Thursday, 30 May 2013

Corpus Christi

The feast of Corpus Christi is a Double of the First Class with a privileged Octave of the Second Order. The liturgical colour of the feast, and its Octave, is white.

At Vespers yesterday afternoon the antiphons Sacerdos in aeternum etc were sung with psalms 109, 110, 115, 127 & 147. The chapter, hymn, versicle and response, antiphon on the Magnificat and collect were all proper to the feast. There were no commemorations. At Compline Te lucis was sung with the melody and Doxology of the Incarnation, Jesu tibi sit gloria, Qui natus es de Virgine, Cum Patre et almo Spiritu, In sempiterna saecula.

At Mattins the invitatory is Christum Regem adoremus dominantem Gentibus: Qui se manducantibus dat spiritus pinguedinem and the Office hymn is Sacris solemnis. The antiphons and psalms are proper at each of the nocturns. In the first nocturn the antiphons Fructum salutiferum etc are sung with psalms 1, 4 & 15. The lessons are taken from the First Epistle of St. Paul to the Corinthians. In the second nocturn the antiphons Memor sit Dominus etc are sung with psalms 19, 22 & 41, the lessons are taken from the writings of St. Thomas Aquinas. In the third nocturn Introibo ad altare Dei etc are sung with psalms 42, 80 & 83. The homily is from St. Augustine on St. John's Gospel. The Te Deum is sung. At Lauds the antiphons, Sapientia etc., are a different set to those sung at Vespers. These are sung with the Dominical psalms (92, 99, 62, Benedicite & 148. The Office hymn is Verbum supernum. There are no commemorations.

At the Hours the antiphons from Lauds are sung with the festal psalms. The Office hymns are sung with the melody and Doxology of the Incarnation. At Prime (Pss. 53, 118i & 118ii) the versicle Qui natus es is inserted into the short responsory and the lectio brevis is Quicumque manducaverit panem etc.

The Mass, Cibavit eos, is sung after Terce. The Gloria is sung, the Sequence Lauda Sion is sung, the Creed is sung and the preface is of the Nativity. Two large altar breads are placed on the corporal and consecrated. After the consecration the rubrics for Mass coram Sanctissimo are followed, with the celebrant not turning his back on the altar. Ite, missa est, the blessing and last Gospel are said as normal. After Mass the celebrant exchanges his chausuble for a cope and a Procession takes place. The Caermoniale Episcoporum, Lib. II, Cap. XXXIII, gives detailed instructions for the Procession (indeed so detailed they forsee the bishop having to excommunicate persons who cannot agree their respective position in procession - c.f. #3!) It also sanctions the practice of Mass and Vespers coram Sanctissimo during the Octave.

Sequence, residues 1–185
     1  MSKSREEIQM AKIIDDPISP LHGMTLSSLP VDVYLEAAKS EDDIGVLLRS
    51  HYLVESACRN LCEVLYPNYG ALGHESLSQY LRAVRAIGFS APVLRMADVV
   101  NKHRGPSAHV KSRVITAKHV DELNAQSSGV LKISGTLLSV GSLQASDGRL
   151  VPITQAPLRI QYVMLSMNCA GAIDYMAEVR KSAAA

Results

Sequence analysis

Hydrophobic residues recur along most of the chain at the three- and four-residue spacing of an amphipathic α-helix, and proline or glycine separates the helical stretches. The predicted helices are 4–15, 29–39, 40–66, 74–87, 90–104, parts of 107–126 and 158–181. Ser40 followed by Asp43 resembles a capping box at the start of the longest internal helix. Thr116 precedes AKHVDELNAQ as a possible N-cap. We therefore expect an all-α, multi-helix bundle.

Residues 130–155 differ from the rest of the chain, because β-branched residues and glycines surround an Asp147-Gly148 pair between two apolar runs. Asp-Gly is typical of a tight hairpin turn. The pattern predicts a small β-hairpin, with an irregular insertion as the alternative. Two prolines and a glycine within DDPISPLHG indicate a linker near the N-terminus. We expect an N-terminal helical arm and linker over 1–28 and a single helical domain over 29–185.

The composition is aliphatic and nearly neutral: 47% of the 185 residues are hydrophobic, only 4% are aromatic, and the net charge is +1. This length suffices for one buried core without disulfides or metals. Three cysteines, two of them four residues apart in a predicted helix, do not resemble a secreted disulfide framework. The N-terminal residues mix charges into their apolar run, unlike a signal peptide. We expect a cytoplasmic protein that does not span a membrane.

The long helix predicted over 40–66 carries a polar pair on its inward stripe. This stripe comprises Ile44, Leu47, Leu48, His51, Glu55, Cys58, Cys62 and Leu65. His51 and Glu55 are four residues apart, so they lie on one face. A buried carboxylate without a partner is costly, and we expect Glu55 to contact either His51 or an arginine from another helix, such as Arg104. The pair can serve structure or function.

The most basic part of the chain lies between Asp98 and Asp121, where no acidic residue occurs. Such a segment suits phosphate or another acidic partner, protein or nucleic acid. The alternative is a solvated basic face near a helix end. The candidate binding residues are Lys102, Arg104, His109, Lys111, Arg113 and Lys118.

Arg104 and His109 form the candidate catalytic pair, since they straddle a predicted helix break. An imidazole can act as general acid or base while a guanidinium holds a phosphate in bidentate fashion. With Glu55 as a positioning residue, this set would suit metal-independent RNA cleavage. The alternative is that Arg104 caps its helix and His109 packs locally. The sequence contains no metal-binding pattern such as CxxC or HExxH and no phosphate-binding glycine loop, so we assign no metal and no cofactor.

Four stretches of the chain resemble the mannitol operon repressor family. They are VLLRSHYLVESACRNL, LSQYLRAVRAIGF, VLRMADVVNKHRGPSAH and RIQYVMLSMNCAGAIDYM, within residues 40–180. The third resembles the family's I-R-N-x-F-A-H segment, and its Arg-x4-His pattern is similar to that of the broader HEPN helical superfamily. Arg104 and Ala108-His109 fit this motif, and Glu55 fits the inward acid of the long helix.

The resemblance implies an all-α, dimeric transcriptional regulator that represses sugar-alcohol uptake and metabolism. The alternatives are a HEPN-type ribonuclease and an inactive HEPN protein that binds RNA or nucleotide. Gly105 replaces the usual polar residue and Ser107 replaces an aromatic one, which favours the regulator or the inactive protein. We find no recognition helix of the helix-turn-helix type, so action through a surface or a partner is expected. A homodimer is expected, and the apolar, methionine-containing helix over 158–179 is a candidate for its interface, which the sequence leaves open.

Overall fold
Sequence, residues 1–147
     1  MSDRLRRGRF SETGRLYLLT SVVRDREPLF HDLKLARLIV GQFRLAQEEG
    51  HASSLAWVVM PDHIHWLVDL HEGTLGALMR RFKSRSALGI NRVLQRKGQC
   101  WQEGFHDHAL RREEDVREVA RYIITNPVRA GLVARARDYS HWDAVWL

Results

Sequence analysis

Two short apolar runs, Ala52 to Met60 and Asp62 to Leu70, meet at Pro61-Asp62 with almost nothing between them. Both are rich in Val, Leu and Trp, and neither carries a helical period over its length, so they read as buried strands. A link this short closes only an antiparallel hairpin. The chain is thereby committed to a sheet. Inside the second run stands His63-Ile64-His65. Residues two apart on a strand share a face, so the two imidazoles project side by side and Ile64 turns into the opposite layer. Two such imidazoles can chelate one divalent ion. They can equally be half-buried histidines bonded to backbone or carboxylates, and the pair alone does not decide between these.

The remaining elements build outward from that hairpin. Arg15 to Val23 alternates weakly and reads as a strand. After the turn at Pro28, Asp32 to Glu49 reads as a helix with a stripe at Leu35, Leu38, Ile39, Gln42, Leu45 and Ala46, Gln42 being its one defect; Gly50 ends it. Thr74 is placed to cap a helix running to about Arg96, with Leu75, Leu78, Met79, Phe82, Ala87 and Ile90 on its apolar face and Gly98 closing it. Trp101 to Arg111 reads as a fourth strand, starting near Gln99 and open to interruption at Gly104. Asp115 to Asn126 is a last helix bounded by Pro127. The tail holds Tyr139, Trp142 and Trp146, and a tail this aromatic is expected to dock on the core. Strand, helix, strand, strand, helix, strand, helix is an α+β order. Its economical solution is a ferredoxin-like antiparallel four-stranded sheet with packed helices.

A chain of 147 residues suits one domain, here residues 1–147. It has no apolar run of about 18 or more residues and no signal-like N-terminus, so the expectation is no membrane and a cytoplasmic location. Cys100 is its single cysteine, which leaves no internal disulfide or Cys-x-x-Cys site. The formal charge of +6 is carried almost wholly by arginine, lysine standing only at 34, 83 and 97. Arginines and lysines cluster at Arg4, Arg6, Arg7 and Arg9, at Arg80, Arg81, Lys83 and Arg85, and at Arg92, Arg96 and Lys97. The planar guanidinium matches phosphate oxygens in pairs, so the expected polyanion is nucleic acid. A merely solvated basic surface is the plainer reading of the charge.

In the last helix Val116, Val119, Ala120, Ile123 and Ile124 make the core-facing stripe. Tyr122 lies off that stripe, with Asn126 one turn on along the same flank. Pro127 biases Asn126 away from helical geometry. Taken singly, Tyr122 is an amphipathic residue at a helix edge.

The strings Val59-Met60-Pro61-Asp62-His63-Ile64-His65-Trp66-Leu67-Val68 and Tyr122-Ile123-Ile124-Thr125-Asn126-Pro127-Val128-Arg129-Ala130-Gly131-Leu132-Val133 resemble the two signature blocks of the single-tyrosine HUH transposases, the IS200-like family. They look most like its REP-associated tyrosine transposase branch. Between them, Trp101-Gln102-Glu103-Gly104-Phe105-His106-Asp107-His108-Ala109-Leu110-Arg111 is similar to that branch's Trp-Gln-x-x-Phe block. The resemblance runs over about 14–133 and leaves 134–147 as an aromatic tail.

At Second Vespers all is at First Vespers except the antiphon on the Magnificat which is proper. After the collect of the feast a commemoration is sung of St. Angela Merici. At Compline Te lucis is sung with the melody and Doxology of the Incarnation and the Dominical preces are omitted throughout the Octave.

In the 'liturgical books of 1962' the hymns of the Hours do not have their Doxology changed in honour of the Incarnation. At Prime the versicle is of the season, not of the Incarnation, and the lectio brevis is of the season too. At Mass the common preface is sung. When a Procession takes place Benedicamus Domino is sung instead of Ite, missa est, the blessing and last Gospel are omitted. The Octave has been abolished.


The Rad Trad said...

A question about 1962: most all "1962 Missals" printed since 2007 have a "Gallican" preface of the Blessed Sacrament. Is this optional on Corpus Christi? Compulsory? Has there been some transformation of our understanding of this preface (was it used in French-speaking nations and has since become part of 1962 at large)?

Rubricarius said...

I was of the understanding, though I may be wrong, that the Gallican prefaces (Advent, Blessed Sacrament, Dedication, St. John the Baptist, Founder and of the Saints) were approved only for dioceses in France.

The preface for the Blessed Sacrament (also for use on Mandy Thursday) is from the Lyon rite.

The Rad Trad said...

Perhaps they were originally, but they seem to be printed without discrimination now.

Rubricarius said...

They were not in the 'official', June version, of MR1962 published in Rome but appeared in French editions - as a copy in my collection (Mame, January 1962).

The Rad Trad said...

Thank you for that. A little research indicates the USA started printing them in 1963 (Benzinger edition). Their widespread use among "EF" communities is a fact, but perhaps dubious if you want to be a 196 stickler.